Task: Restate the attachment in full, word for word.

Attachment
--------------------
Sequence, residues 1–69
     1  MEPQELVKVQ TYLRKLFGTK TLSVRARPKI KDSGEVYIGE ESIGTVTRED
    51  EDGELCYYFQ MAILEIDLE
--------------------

Sequence, residues 1–69
     1  MEPQELVKVQ TYLRKLFGTK TLSVRARPKI KDSGEVYIGE ESIGTVTRED
    51  EDGELCYYFQ MAILEIDLE